05/04/2014 05:09 BST | Updated 05/04/2014 05:59 BST

McDonald's 'Should Be Evicted From Russia', Says Ultranationalist Politician, After Crimea Shutdown

AFP via Getty Images
A man and a little girl look at a closed McDonald's in the Crimean capital Simferopol on April 4, 2014. US fast food giant McDonald's said today it was temporarily shutting its three stores in Crimea following the Ukrainian peninsula's annexation by Russia. AFP PHOTO/ YURIY LASHOV (Photo credit should read YURIY LASHOV/AFP/Getty Images)

McDonald's has already abandoned its restaurants in Crimea and now a Moscow politician has called for all of the US fast food chain's outlets in Russia to be shut.

The opening of Russia’s first McDonald’s restaurant in Moscow 24 years ago was seen as a powerful symbol of the end of the Cold War, and the ascendance of a global free market economy.

But now, ultranationalist politician Vladimir Zhirinovsky, who is widely viewed to have close links to President Vladimir Putin, called for McDonald's to halt serving "their poisonous food" in the Motherland.

Economic relations between Russia and Ukraine have worsened since Russia annexed Crimea last month in response to the ouster of Russian-backed president Viktor Yanukovich after months of street protests in Kiev.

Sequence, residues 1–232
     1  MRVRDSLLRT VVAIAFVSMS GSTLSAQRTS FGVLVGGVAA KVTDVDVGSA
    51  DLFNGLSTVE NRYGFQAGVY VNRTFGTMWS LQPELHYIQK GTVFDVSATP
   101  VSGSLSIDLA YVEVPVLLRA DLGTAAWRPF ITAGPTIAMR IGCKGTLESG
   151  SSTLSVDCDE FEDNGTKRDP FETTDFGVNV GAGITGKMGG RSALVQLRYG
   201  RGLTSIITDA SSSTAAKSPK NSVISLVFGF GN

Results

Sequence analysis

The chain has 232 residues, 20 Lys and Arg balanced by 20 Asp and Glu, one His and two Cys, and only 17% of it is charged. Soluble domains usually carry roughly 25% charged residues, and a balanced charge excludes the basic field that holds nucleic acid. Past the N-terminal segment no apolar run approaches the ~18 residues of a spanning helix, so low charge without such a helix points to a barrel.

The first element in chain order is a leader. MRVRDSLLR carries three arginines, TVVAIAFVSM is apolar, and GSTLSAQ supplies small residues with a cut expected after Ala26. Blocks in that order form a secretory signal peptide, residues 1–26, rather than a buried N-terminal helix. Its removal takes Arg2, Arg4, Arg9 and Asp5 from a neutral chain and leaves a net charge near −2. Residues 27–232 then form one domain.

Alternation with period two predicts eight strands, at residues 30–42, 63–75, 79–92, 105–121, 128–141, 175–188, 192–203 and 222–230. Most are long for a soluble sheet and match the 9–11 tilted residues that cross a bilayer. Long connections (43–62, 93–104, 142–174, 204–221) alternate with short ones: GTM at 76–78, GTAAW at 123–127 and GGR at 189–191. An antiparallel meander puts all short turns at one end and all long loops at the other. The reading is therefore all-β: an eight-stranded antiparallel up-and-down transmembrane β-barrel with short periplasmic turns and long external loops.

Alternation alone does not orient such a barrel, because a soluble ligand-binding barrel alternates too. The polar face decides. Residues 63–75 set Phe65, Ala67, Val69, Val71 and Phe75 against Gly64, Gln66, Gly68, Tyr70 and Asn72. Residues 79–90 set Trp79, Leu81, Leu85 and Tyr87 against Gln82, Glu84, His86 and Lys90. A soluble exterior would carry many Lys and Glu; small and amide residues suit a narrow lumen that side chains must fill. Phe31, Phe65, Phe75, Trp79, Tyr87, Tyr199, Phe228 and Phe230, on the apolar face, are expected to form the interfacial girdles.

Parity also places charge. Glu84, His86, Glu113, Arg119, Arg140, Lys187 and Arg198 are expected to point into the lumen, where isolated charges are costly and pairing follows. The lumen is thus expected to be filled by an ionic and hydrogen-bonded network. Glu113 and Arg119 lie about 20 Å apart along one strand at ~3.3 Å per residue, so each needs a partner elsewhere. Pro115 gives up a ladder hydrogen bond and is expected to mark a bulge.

McDonald's said closing branches in Crimea was due to unspecified manufacturing reasons "beyond the company's control".

In response, Zhirinovsky called for McDonald's to shut all over Russia "so there is not a scent of them left", saying he was ready to lead a campaign to force the closure.

"It would be good if they closed here too ... if they disappeared for good. Pepsi-Cola would be next," Russian media quoted Zhirinovsky as saying.

He added: "As a form of sanctions, they have agreed not to poison Crimeans in Crimea.

"And we are supposed to be offended that we're not going to eat their poisonous food."

In addition to a lack of McDonalds in Crimea, hundreds of heroin addicts issued with methadone have been told the replacement drug will no longer be made available to them.